Home / Articles Posted by Christina S. Murrey

In the United States, Black people’s hair has been a source of contention, punishment, and immense pride. For years, in an attempt to conform to Eurocentric standards of beauty and professionalism, Black women have sought to straighten their natural kinks and curls. In fact, according to a recent survey by Dove, Black women are 80% more likely to modify their hair in response to workplace norms. This intense focus on taming ‘unruly’ hair is, in large part, how Black hair care mogul Madam C.J. Walker became the first self-made American woman millionaire in the early 1900s.

In the 1960s and ’70s, Black people began to rebel against this pressure to conform, and bold natural hairstyles like afros and cornrows became popular. Yet in the year 2020, schools and employers continue to police Black hair. Last year, California became the first state to pass legislation banning employer and school discrimination against Black children and adults who wear their hair in natural styles, and several other states have followed their lead.

In this photo essay, several faculty, students, and staff members share their thoughts, feelings, and experiences of their natural hair journey.

Photos by Christina S. Murrey, Editorial by M. Yvonne Taylor

Professor, Director of Teacher Education Allison Skerrett

“Wearing my hair in its natural state has allowed it to truly flourish and be as beautiful as it was intended to be. When we break free from historical and contemporary narratives about what counts as beauty, we’re able to present compelling images of the beauty of Black women, created just as we are. My hair is now one of my most self-loved features, and I can tell from others’ responses to it—people from all races, cultures, and backgrounds—that they appreciate being educated about the beauty of Black hair and Black women.”

Professor, Associate Dean of Equity, Community Engagement and Outreach Richard Reddick

“I have grown locs twice, the first time when I was a new professional in student affairs in California. Locs are family common now, but in the late 1990s they were fairly unique. Not only that, there are a lot of misconceptions about locs—some people think you can’t wash them (false), or it means that you’re a Rastafarian (false), or that you smoke weed (???). So when I started growing locs, the director of housing at Cal Poly (where I worked) was a Black man, Preston Allen. Preston was great to talk to about what challenges I might face. Essentially, he told me that as a Black man in the field, I was going to navigate racism and ignorance in my career regardless—so I might as well be comfortable and express myself. I also had very supportive supervisors—White women—who appreciated the cultural expression. So by the time my hair became loc’ed, I had been in a fairly progressive work environment—people had always known me as someone with locs. When I went to grad school, I had locs until towards the end of my doctorate. I just cut them because it was time consuming to manage, so when I started at UT in 2007 I had a natural (afro).”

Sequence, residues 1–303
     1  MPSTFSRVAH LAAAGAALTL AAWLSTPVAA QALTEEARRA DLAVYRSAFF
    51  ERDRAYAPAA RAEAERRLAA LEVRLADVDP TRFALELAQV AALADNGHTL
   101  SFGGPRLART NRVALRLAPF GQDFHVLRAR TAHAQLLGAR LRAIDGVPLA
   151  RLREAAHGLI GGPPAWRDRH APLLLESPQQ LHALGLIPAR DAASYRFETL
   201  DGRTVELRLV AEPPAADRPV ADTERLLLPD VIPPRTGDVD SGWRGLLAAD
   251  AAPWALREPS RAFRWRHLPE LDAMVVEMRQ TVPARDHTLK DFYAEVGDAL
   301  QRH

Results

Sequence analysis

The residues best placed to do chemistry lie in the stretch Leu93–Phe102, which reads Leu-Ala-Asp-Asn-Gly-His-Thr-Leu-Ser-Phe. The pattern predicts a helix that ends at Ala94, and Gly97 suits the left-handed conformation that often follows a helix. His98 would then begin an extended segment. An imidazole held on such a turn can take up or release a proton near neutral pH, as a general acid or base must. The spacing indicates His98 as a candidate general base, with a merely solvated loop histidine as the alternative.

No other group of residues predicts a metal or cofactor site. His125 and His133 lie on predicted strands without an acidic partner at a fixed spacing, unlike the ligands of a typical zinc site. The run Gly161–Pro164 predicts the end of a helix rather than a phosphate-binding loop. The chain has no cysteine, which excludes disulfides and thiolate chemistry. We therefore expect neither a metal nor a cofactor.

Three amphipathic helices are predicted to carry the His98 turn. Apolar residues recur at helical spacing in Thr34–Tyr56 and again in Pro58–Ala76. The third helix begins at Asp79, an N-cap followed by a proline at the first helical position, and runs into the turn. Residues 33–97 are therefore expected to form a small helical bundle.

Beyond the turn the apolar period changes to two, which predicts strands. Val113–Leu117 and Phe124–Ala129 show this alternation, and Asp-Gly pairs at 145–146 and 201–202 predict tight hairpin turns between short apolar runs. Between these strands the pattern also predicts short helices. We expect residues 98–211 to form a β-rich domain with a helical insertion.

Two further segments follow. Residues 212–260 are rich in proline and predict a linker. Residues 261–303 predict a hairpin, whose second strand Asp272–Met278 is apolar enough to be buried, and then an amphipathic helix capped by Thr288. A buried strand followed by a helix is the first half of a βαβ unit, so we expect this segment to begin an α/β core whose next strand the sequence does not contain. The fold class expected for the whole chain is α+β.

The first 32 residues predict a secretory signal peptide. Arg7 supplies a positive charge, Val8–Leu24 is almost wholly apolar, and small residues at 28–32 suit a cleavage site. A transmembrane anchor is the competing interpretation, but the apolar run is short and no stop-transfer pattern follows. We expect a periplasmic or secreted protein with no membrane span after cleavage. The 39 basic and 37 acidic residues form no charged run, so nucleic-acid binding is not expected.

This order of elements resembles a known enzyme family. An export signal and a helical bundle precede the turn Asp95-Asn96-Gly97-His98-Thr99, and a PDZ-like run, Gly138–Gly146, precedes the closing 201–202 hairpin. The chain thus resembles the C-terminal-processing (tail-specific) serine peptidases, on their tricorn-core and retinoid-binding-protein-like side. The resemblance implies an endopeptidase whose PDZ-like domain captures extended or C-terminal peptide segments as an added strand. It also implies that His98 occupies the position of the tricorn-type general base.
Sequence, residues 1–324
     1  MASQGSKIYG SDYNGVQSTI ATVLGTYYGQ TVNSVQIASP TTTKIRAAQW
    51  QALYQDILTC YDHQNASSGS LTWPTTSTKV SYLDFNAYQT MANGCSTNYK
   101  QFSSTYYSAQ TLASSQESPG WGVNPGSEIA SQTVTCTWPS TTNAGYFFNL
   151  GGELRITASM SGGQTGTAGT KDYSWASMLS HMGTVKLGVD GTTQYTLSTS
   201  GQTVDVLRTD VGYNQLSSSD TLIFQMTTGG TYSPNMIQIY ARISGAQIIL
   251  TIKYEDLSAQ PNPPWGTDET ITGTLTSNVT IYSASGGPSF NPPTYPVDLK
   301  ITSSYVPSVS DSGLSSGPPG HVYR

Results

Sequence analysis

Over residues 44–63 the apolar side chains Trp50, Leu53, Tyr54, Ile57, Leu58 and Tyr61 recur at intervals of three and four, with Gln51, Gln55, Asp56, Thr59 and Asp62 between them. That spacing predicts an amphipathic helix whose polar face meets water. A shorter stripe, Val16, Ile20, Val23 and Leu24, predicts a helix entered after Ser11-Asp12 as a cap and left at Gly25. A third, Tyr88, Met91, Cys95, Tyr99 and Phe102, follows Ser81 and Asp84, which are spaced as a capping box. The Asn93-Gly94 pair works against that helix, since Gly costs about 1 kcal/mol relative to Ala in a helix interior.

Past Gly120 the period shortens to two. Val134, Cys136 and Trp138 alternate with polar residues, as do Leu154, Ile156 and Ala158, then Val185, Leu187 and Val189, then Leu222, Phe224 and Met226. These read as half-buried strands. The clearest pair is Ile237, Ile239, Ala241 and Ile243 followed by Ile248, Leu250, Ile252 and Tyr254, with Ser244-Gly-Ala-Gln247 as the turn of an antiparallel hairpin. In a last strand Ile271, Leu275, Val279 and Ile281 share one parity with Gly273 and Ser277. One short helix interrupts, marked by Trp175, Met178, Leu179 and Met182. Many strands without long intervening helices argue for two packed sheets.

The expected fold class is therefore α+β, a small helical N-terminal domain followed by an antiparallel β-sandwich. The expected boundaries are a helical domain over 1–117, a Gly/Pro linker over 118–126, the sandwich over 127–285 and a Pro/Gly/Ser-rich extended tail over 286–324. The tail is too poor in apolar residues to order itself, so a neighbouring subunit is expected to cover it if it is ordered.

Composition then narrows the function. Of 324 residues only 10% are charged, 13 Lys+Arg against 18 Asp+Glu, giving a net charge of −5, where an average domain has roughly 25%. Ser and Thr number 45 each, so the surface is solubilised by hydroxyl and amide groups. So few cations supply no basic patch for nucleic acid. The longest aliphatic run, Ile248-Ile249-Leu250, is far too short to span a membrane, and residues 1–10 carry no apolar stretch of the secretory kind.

Doctoral Student Tiffany Hughes

“When I first decided to grow wear my hair naturally (in college), I received lots of questions, side-eyes, and pushback from older people in my community. They were concerned that I wouldn’t be viewed as professional if I wore my hair in a curly fro, and were often concerned about what I was going to ‘do’ with my hair. Initially, out of fear of rejection, I would attempt sleeker hairstyles when interviewing for jobs, hoping to keep my natural hair inconspicuous. But, as I age and continue to grow more comfortable and confident in myself, I recognize that my hairstyle has no bearing on my ability to do the work. And truly, if a potential employer has an issue with my hair, that institution really is not going to be a good fit for me. So I embrace my hair, and now use it as kind of a litmus test.”

Professor, Director of the Institute for Urban Policy Research and Analysis Kevin Cokley

“The first message actually came from my mother. She was concerned about how my colleagues (white folks) would respond to me being a new professor. She asked me if I was ‘allowed’ to wear my hair that way. For additional context, when you start locs you go through a period of looking ‘rough,’ with little twists on your hair that refuse to lie down neatly! I have often wondered how far I can advance professionally wearing locs. I hope that my professional accomplishments, rather than my looks, will be the ultimate determinant of my professional advancements.”

Assistant Professor of Practice Ericka Roland

“[Wearing my natural hair] means being free to express myself on my own terms.  I never received the message that wearing my hair natural would be a risk or unprofessional because it has always been a conversation in Black women groups I’ve been a part of that challenge such narrative. It makes me feel free and powerful because it is a signal of me standing in my Black womanness!”

Senior Student Program Coordinator and Alumnus Charles Gee

“No one has never out right told me that it was unprofessional, but often I get looks of disapproval and curiosity. My hair or hair color doesn’t dictate how I support students on campus. It’s good to show our ‘human’ side with the students we interact with because many of them, particularly students of color, need to know that there is no singular look to professionalism. During undergrad, I recall seeing an older white woman who used to work in the Main Building with really long salt and pepper hair but would always have highlighted tips – hot pink, orange, neon green. I made the assumption that she was someone with power and thought, ‘Well if she can do it, I can do it too!’ It feels great to have fun with my hair and let it grow into its own thing. I get to watch it cooperate when it wants to and have a mind of its on. It’s wild to see what a bonnet or a satin pillow case will do.”